Clothing - Tidying by category works like magic

The Life-Changing Magic of Tidying Up: The Japanese Art of Decluttering and Organizing - Marie Kondo 2014

Tidying by category works like magic

Place every item of clothing in the house on the floor

The first step is to check every closet and dresser in the house and gather all your clothes in one spot. Don’t leave a single wardrobe or dresser drawer unopened. Make sure you have gathered every last piece of clothing. When my clients think they have finished, I always ask them this question. “Are you sure there’s not a single piece of clothing left in the house?” Then I add, “You can forget about any clothes you find after this. They’ll automatically go in the discard pile.” I let them know I’m quite serious. I have no intention of letting them keep anything found after the sorting is done. The response is usually, “Oh, wait. I think there might be something in my husband’s closet,” or “Ah! I might have hung something in the hallway,” followed by one last dash around the house and a few extra items added to the pile.

This ultimatum sounds a bit like the automatic withdrawal system for paying bills at the bank, but when my clients know there’s a firm deadline, they search their memories one more time because they don’t want to lose clothes without being given a chance to decide. Although I rarely have to follow through on my threat, if someone doesn’t remember an item at this point, it obviously doesn’t inspire a thrill of joy, and therefore I am quite ruthless. The only exception is clothes that happen to be in the laundry.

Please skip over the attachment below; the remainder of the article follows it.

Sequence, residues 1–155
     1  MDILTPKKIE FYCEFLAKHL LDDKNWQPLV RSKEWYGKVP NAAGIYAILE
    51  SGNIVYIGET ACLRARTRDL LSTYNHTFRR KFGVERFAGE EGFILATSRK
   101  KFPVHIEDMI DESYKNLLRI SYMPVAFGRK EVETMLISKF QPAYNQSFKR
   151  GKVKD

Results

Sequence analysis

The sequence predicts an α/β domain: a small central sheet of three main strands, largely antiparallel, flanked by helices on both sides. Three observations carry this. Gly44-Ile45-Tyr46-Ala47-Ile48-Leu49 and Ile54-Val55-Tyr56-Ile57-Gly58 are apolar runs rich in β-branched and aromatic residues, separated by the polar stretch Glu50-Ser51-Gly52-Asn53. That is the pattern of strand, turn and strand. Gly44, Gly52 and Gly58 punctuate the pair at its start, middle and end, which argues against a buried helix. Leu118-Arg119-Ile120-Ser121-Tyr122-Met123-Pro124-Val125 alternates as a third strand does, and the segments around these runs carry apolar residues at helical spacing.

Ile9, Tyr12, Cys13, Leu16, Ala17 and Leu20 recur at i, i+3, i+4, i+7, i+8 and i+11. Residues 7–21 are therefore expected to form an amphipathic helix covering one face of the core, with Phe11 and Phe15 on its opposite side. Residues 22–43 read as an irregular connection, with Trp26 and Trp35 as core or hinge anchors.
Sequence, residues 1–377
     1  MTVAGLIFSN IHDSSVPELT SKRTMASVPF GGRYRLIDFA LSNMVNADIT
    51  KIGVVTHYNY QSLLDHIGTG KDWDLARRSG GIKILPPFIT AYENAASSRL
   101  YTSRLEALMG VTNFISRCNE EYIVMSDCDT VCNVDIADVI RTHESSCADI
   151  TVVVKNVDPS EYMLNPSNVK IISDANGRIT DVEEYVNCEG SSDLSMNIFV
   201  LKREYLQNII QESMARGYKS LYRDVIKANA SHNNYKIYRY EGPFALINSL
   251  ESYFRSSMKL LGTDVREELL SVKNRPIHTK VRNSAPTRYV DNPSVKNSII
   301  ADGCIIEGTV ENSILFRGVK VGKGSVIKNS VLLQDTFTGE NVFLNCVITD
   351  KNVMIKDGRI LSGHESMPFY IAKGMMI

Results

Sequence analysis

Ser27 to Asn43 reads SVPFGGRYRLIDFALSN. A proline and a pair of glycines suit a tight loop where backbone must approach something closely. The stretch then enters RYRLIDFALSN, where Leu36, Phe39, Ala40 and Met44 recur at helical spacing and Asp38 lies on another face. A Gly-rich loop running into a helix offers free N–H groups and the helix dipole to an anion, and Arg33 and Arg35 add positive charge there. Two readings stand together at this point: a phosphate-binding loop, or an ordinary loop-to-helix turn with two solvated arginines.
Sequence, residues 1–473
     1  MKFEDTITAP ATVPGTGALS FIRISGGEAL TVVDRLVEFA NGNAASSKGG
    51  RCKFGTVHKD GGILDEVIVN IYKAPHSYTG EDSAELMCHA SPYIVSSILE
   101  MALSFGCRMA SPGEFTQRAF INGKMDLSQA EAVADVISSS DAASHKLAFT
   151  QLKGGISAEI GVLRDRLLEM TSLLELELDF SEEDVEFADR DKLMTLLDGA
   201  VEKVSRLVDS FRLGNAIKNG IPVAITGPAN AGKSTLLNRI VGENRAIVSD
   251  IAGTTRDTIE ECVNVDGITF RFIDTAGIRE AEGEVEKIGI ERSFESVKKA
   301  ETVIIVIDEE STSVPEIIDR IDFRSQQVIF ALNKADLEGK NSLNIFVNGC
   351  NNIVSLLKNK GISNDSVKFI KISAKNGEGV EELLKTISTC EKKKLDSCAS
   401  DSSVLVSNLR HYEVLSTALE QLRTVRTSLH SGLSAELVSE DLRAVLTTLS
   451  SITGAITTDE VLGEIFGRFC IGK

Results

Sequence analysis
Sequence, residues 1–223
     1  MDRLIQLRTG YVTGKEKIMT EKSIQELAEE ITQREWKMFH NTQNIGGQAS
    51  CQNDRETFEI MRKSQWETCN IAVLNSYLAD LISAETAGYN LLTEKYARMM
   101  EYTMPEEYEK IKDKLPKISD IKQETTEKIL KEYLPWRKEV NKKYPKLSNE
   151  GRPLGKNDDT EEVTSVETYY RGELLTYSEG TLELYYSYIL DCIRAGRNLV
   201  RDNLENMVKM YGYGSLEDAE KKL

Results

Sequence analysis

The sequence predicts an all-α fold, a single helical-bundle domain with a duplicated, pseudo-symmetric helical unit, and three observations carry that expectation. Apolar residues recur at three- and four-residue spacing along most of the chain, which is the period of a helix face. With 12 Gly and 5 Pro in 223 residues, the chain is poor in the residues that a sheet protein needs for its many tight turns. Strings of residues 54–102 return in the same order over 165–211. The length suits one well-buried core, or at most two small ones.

When all the clothes have been gathered together, the pile of tops alone is usually knee-deep. The term “tops” includes clothes for every season, from T-shirts and camisoles to knitted sweaters. The average number of items in this initial pile is around 160. Confronted by their first obstacle in the tidying process, most people are overwhelmed by the sheer volume of what they actually own. At this point, I usually say, “Let’s start with off-season clothes.” I have a good reason for choosing off-season clothing for their first foray into this tidying gala. It’s the easiest category for tuning in to one’s intuition concerning what feels good.

If they start with clothes they are currently using, clients are more likely to think, “It doesn’t spark joy, but I just wore it yesterday,” or “If I don’t have any clothes left to wear, what am I going to do?” This makes it harder for them to make an objective decision. Because off-season clothes are not imminently necessary, it is much easier to apply the simple criterion of whether or not they bring you joy. There’s one question I recommend asking when you select off-season clothes. “Do I want to see this outfit again next time it’s in season?” Or, to rephrase it, “Would I want to wear this right away if the temperature suddenly changed?”

“Do I want to see it again? Well, not necessarily.…” If that’s how you feel, throw it in the discard or donate pile. And if you got a lot of wear out of it last season, don’t forget to express your appreciation. You might fear that you’ll have no clothes left if you use this standard. But don’t worry. It may seem as if you have discarded an awful lot, but as long as you are choosing clothes that give you pleasure, you’ll be left with the amount you need.

Once you have gotten the knack of choosing what you love, you can move on to each subcategory of in-season clothing. The most important points to remember are these: Make sure you gather every piece of clothing in the house and be sure to handle each one.